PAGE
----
• We detect extended ionised gas around 19 of 31 QSOs (61%), of which 13 are ionised mainly by the QSO (the ENLR), 3 are H ii-like regions produced by ongoing star formation, and the remaining 3 objects show signatures of both types in different extended regions.

  • Previous ENLR sizes obtained from HST narrow-band images are underestimated by at least a factor of 2 because of the much shallower surface brightness limits. Nine of sixteen ENLRs in our sample are elongated which means that longslit observations will strongly depend on the slit orientation. In the worst case they will underestimate the size by up to a factor of 6 for individual object, and a factor of 2 in the mean.

  • The typical size of the ENLR is r95 = 10 ± 3   kpc at a median [O iii] luminosity log (L( [O   iii] )/ [ergs-1] ) = 42.7 ± 0.15 of our QSO sample. Recent studies of type 2 QSOs at comparable luminosity by Greene et al. (2011) and Fu et al. (2012) obtained very similar ENLR sizes compared to our type 1 QSOs. This implies that the ENLR size-luminosity relation for type 1 and type 2 AGN cannot be as different as implied by the results of Schmitt et al. (2003b). The reported discrepancy between their extrapolated ENLR sizes of luminous type 2 and type 1 QSOs is therefore obsolete.

  • We find that the QSO continuum luminosity correlates much better with the ENLR size than does the total [O iii] luminosity, while the [O iii] luminosity of the ENLR is totally uncorrelated with the QSO continuum luminosity. Thus, we argue that the [O iii] luminosity is not a good proxy for the intrinsic luminosity of the QSO and that the amount of ionising photons does not determine the luminosity of an ENLR alone. Either the amount and distribution of gas is quite different in the host galaxies or other factors such as the impact of radio jets play a additional role. This is supported by a trend that the ENLR luminosity increases with radio luminosity. We therefore caution to use type 2 AGN to study the size-luminosity relation given that the [O iii] luminosity is a secondary and less accurate proxy for the intrinsic luminosity of the nucleus (e.g. Punsly & Zhang 2011). Additionally, type 2 QSOs are often found to be radio-intermediate objects and have a much higher incidence of flat-spectrum radio source (Lal & Ho 2010), which might cause a certain selection effect for type 2 QSOs if the radio jets enhance the [O iii] luminosity relative to the bolometric AGN luminosity.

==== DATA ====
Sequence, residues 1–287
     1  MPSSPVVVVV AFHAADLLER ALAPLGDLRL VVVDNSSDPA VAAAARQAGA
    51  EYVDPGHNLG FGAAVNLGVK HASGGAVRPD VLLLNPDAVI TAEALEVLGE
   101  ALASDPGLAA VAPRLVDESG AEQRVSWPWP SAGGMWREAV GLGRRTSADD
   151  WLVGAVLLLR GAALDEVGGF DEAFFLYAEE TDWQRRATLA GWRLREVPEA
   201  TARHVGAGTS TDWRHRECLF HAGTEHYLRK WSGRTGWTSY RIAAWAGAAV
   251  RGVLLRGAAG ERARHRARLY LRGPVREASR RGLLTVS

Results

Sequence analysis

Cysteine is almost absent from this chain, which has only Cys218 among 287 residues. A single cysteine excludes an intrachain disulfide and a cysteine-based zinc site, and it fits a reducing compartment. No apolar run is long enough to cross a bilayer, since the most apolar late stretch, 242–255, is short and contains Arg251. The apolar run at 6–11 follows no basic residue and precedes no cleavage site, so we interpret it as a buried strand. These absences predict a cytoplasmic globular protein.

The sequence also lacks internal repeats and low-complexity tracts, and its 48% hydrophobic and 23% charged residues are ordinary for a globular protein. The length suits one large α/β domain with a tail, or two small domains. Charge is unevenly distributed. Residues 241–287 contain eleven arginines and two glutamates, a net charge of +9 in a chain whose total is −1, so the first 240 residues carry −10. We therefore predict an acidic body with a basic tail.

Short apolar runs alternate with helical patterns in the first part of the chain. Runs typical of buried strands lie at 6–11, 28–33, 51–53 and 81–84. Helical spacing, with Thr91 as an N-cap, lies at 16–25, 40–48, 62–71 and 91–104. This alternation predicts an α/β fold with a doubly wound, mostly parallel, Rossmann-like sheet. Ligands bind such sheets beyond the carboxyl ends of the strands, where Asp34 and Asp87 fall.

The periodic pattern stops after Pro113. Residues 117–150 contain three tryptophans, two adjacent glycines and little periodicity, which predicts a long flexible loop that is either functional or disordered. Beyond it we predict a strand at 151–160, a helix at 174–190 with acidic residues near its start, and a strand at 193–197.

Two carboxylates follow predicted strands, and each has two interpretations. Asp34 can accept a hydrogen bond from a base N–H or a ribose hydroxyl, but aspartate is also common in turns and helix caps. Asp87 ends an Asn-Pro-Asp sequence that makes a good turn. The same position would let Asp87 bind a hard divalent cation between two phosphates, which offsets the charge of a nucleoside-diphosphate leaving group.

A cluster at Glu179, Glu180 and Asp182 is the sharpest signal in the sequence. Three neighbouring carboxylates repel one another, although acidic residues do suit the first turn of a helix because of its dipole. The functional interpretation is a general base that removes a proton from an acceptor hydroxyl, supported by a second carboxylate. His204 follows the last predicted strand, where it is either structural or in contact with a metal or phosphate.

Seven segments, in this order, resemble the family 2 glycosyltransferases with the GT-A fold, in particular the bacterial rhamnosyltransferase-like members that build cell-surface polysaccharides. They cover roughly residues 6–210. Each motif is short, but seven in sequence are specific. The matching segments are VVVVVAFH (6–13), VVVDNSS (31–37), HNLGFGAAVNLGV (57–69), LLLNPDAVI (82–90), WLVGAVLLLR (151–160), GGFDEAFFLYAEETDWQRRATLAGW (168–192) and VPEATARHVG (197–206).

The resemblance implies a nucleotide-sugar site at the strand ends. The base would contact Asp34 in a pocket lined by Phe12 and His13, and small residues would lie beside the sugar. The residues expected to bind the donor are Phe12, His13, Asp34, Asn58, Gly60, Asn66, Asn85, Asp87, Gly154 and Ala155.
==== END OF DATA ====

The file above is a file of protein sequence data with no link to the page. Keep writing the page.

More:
• Signatures of presumably rotational gas kinematics are identified in 6 host galaxies of which 4 are disc-dominated. Signatures of non-gravitational kinematics have been found in in 5 cases for specific regions within the EELRs among which 3 show radial velocity greater than  ≳ 400   km   s-1. Given the coincidences with extended radio sources, we argue that jet-cloud interactions are the most likely origin for the disturbances in the kinematics in the majority of cases. However, the detection rate and radial velocities of the outflows are much lower than reported for starburst galaxies or radio-loud AGN.

One of the main results of our study is the low detection rate of gas outflows around low-redshift radio-quiet QSOs (RQQs), which is in agreement with similar results from type 2 QSOs and infrared faint Seyfert galaxies. Taken all together this is evidence that massive AGN-driven bulk outflows of gas are not ubiquitous around RQQs at low redshifts. Signatures of AGN feedback are mainly observed in radio-loud AGN which can expel the gas from the host galaxy or even drive large cavities in the intra-cluster medium. The lack of gas outflow signatures in RQQs may challenge some the theoretical AGN feedback scenarios in which the expulsion of gas is essential to stall star formation on short time scales. One explanation could be that the QSOs investigated here, while among the most luminous at these low redshifts, are still too faint compared to their more ultra-luminous high-redshift counterparts, to display the same strong signature of vigorous outflows in the ionised gas (Cano-Díaz et al. 2012; Maiolino et al. 2012). But our RQQs may also be in late stages of their evolution, after most of the gas has either been heated or was already expelled from the host galaxies considering the presumed time delay between the peak of starburst and AGN activity of around a few 100 Myr (Li et al. 2008; Wild et al. 2010). On the other hand, the ENLR sizes, luminosities and kinematics provide evidence for the general importance of radio jets to increase the covering factor of the ambient gas for the ionising photons of the nucleus in a pre-stage of feedback. To understand AGN feedback processes in RQQs therefore still remains an open issue.


2

Spectral pixel, a single spatial resolution element containing a spectrum along the entire wavelength range.

3

Available for download at http://sf.net/projects/qdeblend/

4

Of course an ENLR is also an EELR, but we want to emphasize the AGN-dominated ionisation source with a different naming following the literature. Thus, an ENLR may either be embedded in a larger EELR structure, or representing the entire EELR.

Acknowledgments